It's design dates back to the 14th century where it was used on ships. The "knobs" where intended to prevent the head from being driven too far into a material. However, as most of us know they function very poorly at there intended purpose. In fact the entire pike pole design functions poorly for most fireground operations. Today there are far superior designs on the market that work much better without as much effort in the hands of a SKILLED user.

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    1. Why is this screen so huge?

    2. This is a far better tool than the pike pole:
    Attached Images Attached Images  
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    'The fire went out and nobody got hurt' is a poor excuse for a fireground critique.

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    Quote Originally Posted by DocVBFDE14 View Post
    1. Why is this screen so huge?

    2. This is a far better tool than the pike pole:

    BING BING! We have a winner.


    Actually, we have a bunch of winners.
    The metal bumps are to prevent the hook from sliding forward in the mounting bracket on the Apparatus.

    Oh Yeah, we also have some Whiners, along with the Winners......
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    Kiwi I was just wondering. There are more pressing issues out there but this happened to be a question I had just a question I thought that my brothers out there would help me out. They did! All except you, If you dont ask the little questions then how do you prepare to answer the big ones.

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    Oh ya thanks to those who replied to my small but "insignificant" question.

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    There is still an unanswered question in this thread and I am interested in the answer...why is this screen so wide? I have had this maybe 2 or 3 other times.

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    Quote Originally Posted by DocVBFDE14 View Post
    1. Why is this screen so huge?

    2. This is a far better tool than the pike pole:
    1. The screen is so big because of the image posted in post #3. It's a jpg image at 2500 x 2000. Most screens are set for 1024 x 768.

    2. What is that thing called?
    Last edited by HotTrotter; 08-05-2007 at 04:51 AM.

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    Quote Originally Posted by DocVBFDE14 View Post
    1. Why is this screen so huge?

    2. This is a far better tool than the pike pole:

    is in the pic a hook? what is the main difference between hook and pike pole?the size or the use?
    "sauver ou périr"

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    Quote Originally Posted by HotTrotter View Post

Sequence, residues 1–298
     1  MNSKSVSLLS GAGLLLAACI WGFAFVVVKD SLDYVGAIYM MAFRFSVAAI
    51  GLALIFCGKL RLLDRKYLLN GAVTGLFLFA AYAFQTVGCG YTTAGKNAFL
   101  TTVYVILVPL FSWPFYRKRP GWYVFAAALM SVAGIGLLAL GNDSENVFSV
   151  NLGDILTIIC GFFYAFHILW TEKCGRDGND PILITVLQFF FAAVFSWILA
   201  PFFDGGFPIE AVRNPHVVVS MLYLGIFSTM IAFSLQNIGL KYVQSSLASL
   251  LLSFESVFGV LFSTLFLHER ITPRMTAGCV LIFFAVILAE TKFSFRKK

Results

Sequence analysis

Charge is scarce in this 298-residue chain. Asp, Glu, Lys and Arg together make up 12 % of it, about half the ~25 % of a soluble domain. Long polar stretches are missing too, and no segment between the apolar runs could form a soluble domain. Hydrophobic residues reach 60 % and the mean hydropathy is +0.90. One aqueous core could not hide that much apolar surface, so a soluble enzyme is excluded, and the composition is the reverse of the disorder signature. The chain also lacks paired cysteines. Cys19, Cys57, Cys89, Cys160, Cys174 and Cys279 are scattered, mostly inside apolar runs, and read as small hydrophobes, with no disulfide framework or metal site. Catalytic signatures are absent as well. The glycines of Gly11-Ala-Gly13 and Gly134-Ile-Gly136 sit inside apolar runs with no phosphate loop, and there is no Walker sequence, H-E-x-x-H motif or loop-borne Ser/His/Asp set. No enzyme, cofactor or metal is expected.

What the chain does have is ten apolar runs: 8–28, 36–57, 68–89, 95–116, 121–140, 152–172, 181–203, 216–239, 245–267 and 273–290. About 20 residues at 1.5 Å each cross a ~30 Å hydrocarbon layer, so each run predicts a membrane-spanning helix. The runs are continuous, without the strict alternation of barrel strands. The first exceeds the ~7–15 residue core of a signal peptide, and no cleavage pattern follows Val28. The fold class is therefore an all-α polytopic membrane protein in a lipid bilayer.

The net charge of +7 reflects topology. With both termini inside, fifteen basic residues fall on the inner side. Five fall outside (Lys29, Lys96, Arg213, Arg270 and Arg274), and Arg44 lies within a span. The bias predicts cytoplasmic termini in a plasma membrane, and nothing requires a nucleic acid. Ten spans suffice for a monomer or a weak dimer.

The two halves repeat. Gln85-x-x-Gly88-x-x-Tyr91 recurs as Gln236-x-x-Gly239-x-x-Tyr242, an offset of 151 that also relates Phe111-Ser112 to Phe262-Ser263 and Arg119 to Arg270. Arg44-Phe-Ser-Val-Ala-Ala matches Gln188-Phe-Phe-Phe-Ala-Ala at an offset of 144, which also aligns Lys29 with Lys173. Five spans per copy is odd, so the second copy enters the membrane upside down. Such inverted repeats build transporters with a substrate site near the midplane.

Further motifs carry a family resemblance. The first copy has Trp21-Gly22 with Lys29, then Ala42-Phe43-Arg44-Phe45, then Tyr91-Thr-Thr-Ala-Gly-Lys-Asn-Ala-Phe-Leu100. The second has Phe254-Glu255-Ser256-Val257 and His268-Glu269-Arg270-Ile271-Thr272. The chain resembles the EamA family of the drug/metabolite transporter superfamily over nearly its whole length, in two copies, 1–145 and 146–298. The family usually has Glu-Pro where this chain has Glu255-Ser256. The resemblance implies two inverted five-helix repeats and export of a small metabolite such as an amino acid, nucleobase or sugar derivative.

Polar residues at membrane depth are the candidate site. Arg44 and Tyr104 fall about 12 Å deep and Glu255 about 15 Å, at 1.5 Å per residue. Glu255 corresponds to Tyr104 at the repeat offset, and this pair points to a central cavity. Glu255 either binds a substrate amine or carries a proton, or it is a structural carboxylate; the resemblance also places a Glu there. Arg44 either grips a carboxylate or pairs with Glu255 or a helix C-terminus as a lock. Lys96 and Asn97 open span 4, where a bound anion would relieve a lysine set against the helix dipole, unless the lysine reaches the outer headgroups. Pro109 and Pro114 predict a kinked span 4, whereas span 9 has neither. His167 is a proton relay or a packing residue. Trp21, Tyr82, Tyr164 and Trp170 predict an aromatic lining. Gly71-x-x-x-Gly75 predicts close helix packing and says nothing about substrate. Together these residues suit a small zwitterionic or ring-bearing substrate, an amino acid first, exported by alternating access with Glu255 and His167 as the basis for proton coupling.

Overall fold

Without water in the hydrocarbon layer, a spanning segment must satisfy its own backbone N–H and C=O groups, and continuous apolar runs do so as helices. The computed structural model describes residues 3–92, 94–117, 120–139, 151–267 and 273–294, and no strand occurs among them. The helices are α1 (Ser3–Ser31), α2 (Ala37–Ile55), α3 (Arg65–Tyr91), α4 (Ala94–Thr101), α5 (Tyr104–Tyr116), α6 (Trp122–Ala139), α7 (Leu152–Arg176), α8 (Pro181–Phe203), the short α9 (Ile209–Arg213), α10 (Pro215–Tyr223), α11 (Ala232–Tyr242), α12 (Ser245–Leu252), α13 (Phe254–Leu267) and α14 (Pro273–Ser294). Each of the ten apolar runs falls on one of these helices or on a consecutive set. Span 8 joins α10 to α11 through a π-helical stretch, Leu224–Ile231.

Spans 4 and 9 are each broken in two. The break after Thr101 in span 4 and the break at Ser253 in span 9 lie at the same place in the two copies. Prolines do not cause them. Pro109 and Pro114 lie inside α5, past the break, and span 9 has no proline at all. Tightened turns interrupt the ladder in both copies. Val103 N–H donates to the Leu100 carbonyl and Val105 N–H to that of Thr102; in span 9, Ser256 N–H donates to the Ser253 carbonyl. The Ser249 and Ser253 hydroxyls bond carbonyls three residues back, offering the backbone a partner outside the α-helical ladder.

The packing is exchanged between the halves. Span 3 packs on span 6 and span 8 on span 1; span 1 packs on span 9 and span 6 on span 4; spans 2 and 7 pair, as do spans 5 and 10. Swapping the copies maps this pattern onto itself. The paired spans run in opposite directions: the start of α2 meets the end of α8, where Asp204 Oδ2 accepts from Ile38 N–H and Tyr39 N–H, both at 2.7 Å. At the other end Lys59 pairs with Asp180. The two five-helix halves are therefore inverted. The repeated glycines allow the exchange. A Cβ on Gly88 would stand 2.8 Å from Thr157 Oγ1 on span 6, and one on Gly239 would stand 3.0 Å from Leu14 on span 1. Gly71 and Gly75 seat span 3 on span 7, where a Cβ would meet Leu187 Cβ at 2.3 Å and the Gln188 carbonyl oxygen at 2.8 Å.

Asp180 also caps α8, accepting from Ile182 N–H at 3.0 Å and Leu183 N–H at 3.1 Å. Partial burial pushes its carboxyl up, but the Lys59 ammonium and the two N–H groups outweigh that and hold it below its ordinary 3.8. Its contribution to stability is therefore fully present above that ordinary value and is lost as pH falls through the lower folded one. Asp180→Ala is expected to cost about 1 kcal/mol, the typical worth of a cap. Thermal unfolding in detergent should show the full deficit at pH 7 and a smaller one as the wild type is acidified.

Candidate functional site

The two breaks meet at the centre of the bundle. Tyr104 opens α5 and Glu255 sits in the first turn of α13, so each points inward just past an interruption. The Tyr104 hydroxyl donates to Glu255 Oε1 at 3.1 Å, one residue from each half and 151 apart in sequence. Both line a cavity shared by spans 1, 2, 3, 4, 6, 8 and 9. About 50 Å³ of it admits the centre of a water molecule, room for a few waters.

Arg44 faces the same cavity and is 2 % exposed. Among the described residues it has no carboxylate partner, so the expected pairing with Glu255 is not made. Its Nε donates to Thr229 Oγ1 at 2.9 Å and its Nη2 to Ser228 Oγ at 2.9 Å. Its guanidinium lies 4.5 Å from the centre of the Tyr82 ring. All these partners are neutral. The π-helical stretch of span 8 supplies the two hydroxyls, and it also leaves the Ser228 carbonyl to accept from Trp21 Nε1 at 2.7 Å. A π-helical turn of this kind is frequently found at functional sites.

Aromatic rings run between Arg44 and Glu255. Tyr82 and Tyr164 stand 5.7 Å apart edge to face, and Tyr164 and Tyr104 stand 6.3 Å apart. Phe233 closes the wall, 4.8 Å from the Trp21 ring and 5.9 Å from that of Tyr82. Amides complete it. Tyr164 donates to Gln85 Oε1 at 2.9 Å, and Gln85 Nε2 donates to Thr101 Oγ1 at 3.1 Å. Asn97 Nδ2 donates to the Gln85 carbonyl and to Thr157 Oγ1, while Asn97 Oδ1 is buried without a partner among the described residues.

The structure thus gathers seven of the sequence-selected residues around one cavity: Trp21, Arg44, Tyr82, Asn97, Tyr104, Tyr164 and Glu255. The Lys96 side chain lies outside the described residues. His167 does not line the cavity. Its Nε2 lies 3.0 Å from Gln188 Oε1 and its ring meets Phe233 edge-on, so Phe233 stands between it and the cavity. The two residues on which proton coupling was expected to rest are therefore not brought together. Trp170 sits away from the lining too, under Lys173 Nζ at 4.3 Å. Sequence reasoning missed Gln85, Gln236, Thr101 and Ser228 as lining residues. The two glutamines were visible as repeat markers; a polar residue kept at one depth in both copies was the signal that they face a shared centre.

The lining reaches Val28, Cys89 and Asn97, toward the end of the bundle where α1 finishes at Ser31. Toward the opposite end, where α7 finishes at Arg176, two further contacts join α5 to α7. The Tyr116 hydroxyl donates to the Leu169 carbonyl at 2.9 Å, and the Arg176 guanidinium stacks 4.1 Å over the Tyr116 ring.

1. The screen is so big because of the image posted in post #3. It's a jpg image at 2500 x 2000. Most screens are set for 1024 x 768.

    2. What is that thing called?

    The hook is a new york roof hook, id call the little dimples on the pike dickfers.

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    Quote Originally Posted by frenchfireball View Post
    is in the pic a hook? what is the main difference between hook and pike pole?the size or the use?
    I Think the main difference is the attitude of the Truckie.......

    LOOK!! I got the post size back to Normal.........
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    Quote Originally Posted by hwoods View Post
    I Think the main difference is the attitude of the Truckie.......

    LOOK!! I got the post size back to Normal.........

    ok so same tool but depends on where you are(city,state) and who uses it.in FDNY they will call that hook for example and in another state,it could be call pike pole.?finally i got what you meant?


    ps;if i'm totally wrong,do not kill me,not right now,lol.joke.
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    Quote Originally Posted by frenchfireball View Post
    ok so same tool but depends on where you are(city,state) and who uses it.in FDNY they will call that hook for example and in another state,it could be call pike pole.?finally i got what you meant?


    ps;if i'm totally wrong,do not kill me,not right now,lol.joke.
    Eh. Not really the same tool as an improvement on the concept. Yes it is called the New York roof hook.

    The hook gives you capabilities that the pike pole does not possess. The curve at the bottom of the hook is good for getting a bite and lifting roof scuttle covers.

    The hooks at the top gives for more punching/pushing power than the single "spear" on the pike pole. When pulling ceilings, the wider coverage of the hook equals greater ceiling pulled. That in turns equals less work.
    Co 11
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    Amateurs practice until they get it right; professionals practice until they cannot get it wrong. Which one are you?

    'The fire went out and nobody got hurt' is a poor excuse for a fireground critique.

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    Quote Originally Posted by DocVBFDE14 View Post
    Eh. Not really the same tool as an improvement on the concept. Yes it is called the New York roof hook.

    The hook gives you capabilities that the pike pole does not possess. The curve at the bottom of the hook is good for getting a bite and lifting roof scuttle covers.

    The hooks at the top gives for more punching/pushing power than the single "spear" on the pike pole. When pulling ceilings, the wider coverage of the hook equals greater ceiling pulled. That in turns equals less work.
    thank you so much for your reply and the many explanations you gave.it helps me to understand better.the roof hook will be a great tool for the roof men.
    "sauver ou périr"

    "courage et dévouement"

    2 french mottoes in french fire service.

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    I prefer the rubbish hook (aka trash hook, vent hook) with a D handle developed by the LAFD.